Hollywood Book Festival Critique


By K.E. Pottie

A page-turning novel that combines World War II intrigue with a modern-day murder mystery, “Code Name Sonny” is an enjoyable read that will be a particular favorite for veterans and those who love them.

Author K.E. Pottie shows a deft hand for storytelling and dialog in his debut novel. The plot bounces back and forth between occupied France in World War II and the present-day, tracking the adventures of a father (the “Sonny” of the title) and his son, who helps unravel a mystery about his dad’s past.

Joe (Sonny) is a teenager in a small New England town in the early days of WW II. Too young to enlist in the regular service, he becomes a National Guard member. But soon, because he is fluent in French and has deep radio knowledge, he’s selected for a mission deep behind enemy lines in France. He hooks up with the French resistance and helps them broadcast disinformation that will hopefully fool the Germans and help set up the eventual Allied invasion in Normandy.

In the novel’s other track, Sonny’s son, Jack, discovers in 2000 that his dad, always reluctant to talk about the war, has a secret to hide about his combat experiences. And eventually, Jack finds out that someone is out for revenge, killing WW II veterans around the country, with a special yen to take out his father.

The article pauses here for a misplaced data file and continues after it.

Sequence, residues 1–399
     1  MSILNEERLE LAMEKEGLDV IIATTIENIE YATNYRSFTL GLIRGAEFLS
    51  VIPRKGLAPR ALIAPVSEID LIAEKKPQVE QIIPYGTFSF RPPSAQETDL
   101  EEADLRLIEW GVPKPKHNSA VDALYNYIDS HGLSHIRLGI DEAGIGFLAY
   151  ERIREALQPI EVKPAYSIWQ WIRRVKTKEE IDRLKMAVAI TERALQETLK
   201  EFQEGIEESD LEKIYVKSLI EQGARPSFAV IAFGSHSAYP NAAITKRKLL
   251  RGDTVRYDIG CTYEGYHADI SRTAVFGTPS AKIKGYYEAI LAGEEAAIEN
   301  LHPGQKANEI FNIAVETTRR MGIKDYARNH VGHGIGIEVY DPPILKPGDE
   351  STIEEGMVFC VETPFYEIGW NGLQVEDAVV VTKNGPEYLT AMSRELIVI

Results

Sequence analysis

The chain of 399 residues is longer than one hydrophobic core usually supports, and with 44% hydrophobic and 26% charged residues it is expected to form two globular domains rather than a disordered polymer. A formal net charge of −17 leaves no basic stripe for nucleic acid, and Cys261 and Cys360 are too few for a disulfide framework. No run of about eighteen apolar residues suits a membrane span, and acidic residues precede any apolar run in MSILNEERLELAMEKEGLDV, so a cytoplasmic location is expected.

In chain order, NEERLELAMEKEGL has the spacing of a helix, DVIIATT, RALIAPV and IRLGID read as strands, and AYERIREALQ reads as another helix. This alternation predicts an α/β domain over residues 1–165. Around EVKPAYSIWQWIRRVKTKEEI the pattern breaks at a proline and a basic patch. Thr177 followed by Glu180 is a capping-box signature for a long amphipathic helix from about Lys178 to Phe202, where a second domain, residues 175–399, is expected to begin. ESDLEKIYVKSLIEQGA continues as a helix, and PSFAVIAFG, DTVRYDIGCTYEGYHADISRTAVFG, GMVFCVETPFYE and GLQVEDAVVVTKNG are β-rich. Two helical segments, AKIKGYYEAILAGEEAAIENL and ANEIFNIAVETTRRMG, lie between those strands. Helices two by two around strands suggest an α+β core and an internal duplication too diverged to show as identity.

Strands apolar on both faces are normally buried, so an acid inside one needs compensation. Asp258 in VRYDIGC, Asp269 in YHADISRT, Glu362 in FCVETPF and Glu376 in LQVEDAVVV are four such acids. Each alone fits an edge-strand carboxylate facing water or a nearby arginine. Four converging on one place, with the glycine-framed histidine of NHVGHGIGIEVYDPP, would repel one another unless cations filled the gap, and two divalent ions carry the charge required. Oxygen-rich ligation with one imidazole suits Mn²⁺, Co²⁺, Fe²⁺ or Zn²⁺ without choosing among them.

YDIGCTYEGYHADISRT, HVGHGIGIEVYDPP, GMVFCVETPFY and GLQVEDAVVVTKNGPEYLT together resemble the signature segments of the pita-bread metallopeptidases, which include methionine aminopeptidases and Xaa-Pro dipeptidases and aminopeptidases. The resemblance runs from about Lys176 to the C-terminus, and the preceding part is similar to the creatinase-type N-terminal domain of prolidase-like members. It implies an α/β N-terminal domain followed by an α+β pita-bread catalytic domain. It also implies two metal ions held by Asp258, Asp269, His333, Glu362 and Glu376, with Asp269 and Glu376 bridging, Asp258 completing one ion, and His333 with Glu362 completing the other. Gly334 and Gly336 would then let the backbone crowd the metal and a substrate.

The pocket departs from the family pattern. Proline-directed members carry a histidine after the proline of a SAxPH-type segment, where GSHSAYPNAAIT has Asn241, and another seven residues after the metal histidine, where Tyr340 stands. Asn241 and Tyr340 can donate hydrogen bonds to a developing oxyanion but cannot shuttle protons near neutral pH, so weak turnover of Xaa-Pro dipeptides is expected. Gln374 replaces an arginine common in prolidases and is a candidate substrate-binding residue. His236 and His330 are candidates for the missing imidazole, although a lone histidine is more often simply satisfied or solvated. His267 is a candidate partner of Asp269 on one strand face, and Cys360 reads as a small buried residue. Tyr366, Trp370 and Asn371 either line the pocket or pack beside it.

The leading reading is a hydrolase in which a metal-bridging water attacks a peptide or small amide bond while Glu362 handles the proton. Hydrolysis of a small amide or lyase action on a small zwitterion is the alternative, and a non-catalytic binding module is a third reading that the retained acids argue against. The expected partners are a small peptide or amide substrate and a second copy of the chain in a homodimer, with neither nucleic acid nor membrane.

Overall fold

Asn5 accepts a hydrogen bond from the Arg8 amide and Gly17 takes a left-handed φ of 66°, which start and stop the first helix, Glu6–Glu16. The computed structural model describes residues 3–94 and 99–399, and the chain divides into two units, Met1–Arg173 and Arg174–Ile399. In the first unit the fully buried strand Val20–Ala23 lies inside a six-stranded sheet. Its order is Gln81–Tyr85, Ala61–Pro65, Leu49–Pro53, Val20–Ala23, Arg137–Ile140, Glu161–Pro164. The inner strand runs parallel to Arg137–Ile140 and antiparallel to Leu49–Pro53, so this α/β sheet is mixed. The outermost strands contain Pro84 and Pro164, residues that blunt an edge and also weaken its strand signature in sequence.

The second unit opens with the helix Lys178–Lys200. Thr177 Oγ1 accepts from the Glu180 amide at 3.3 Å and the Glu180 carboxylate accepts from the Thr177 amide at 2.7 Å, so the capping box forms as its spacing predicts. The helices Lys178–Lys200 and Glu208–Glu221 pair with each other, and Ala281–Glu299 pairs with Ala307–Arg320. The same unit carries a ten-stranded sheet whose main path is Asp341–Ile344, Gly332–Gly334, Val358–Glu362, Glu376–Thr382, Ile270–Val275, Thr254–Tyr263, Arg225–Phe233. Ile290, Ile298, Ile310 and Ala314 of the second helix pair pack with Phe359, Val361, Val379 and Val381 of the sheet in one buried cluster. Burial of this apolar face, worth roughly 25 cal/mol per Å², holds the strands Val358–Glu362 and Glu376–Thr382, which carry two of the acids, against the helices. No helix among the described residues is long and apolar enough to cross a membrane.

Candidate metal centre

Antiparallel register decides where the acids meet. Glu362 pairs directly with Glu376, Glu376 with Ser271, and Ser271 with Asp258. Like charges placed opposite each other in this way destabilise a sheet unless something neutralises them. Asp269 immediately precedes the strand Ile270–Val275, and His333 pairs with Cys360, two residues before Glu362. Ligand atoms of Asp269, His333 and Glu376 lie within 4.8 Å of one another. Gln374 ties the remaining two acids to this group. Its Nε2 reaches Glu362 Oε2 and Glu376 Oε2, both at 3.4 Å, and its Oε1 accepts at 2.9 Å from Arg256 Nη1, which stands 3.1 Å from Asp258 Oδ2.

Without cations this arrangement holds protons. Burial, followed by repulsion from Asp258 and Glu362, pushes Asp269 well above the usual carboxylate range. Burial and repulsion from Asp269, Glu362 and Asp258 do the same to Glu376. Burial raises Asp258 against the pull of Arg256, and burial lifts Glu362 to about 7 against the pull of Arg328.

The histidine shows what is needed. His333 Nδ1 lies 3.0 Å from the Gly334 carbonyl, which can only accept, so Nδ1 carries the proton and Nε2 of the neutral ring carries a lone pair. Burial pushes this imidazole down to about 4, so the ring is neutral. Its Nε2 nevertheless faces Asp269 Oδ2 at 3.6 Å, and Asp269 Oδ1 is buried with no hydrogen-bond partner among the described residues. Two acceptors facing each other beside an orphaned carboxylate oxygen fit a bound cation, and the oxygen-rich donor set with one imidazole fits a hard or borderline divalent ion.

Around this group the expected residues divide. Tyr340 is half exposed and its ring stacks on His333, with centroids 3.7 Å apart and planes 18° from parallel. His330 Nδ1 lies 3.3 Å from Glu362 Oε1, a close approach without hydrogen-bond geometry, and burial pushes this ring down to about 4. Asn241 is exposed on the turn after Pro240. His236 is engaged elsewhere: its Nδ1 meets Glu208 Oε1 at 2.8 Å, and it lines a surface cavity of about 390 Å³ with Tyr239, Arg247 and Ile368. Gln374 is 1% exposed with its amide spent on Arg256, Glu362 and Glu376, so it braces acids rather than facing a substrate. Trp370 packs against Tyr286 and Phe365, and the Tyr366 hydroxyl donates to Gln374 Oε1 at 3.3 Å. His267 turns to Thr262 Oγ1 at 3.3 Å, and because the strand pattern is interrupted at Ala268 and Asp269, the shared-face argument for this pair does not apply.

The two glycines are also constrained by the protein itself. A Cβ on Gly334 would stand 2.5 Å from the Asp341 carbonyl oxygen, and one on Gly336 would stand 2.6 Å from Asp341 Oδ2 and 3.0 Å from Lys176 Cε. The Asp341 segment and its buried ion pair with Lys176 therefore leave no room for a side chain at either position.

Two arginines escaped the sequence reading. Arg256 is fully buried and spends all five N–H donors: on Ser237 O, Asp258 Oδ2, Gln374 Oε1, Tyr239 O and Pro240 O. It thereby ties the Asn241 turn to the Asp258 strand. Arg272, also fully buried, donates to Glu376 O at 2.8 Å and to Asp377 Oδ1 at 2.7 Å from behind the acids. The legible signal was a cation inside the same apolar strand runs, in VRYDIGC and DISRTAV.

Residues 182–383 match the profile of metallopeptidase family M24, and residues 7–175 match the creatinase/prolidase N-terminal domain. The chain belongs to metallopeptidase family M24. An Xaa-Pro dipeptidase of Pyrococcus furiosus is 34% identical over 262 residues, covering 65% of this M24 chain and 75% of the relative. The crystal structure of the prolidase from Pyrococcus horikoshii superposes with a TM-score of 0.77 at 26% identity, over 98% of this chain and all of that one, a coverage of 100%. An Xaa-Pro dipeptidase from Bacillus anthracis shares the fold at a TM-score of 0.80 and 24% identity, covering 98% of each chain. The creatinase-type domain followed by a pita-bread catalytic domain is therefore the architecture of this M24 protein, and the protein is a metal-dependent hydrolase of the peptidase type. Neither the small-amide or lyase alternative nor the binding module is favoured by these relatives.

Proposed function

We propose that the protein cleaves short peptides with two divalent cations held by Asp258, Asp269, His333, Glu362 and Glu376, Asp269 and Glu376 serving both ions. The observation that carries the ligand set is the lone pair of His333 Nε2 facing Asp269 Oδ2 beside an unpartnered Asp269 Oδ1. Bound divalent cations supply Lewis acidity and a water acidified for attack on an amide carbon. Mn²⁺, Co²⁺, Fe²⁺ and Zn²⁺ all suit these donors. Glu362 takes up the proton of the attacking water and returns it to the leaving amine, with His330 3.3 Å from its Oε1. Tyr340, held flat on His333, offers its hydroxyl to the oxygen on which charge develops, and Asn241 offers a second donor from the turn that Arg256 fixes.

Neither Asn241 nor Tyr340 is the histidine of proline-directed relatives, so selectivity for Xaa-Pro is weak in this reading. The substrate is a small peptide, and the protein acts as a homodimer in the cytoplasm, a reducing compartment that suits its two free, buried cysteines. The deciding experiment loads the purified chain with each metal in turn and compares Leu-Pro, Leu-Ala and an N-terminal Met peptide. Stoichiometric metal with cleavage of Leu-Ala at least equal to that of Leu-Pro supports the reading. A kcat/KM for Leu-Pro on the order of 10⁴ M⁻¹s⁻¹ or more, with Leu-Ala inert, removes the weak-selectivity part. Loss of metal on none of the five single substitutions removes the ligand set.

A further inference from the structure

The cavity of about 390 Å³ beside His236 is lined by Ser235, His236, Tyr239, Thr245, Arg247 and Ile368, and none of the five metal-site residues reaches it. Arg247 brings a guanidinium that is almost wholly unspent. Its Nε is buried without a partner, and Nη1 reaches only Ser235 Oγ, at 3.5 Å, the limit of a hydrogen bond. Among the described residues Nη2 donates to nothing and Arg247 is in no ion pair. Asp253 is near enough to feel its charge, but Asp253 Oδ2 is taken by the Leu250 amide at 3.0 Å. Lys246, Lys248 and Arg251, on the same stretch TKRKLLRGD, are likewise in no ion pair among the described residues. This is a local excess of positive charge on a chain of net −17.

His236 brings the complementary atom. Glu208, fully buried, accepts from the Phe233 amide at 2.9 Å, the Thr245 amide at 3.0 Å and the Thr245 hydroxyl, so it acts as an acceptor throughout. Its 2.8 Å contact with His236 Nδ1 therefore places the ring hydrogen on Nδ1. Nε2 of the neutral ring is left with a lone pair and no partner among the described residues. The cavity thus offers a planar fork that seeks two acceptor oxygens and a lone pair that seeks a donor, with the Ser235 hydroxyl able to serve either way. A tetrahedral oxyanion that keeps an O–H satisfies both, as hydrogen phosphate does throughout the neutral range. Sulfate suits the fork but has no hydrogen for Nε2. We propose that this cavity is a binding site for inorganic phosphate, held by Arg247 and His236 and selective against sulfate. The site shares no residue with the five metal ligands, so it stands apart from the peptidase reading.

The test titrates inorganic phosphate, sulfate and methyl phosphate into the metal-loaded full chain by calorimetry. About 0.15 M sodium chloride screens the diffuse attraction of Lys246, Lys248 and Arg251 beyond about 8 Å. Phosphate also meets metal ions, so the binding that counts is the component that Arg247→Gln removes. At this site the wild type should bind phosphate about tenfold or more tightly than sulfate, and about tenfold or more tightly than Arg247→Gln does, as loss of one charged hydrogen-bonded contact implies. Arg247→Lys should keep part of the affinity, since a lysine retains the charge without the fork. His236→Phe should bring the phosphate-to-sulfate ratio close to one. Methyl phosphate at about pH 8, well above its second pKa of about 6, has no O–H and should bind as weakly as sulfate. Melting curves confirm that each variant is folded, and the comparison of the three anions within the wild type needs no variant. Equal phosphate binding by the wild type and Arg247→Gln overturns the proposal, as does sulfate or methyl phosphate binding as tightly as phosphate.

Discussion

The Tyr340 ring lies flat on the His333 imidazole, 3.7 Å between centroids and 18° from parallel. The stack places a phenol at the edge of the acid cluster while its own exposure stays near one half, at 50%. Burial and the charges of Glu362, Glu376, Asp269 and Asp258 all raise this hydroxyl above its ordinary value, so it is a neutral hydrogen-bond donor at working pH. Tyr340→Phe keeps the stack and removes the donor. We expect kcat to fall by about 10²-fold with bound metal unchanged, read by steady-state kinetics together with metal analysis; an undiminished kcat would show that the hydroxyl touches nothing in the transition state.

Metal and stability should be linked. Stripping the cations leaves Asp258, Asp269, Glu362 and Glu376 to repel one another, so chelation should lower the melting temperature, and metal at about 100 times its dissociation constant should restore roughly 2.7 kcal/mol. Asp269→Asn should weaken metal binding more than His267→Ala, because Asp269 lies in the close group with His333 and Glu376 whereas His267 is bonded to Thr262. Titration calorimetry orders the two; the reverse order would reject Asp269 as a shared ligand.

Although the killer’s identity is easy to figure out, there’s enough suspenseful storytelling in the tale’s unfolding to still leave room for reader enjoyment. And the merging of the World War II era and the novel’s denouement results in a clever ending that contains two final surprises for readers.

A deep respect for elders and veterans is evident throughout the story, and the vivid descriptions of activities in occupied France makes for riveting reading. It would be easy to see a film adaptation of “Code Name Sonny,” and while the story is neatly wrapped at the end, there is enough back-story hinted at in the novel that has yet to be told. We look forward to more from this promising author.

Submit a Comment

Switch to mobile version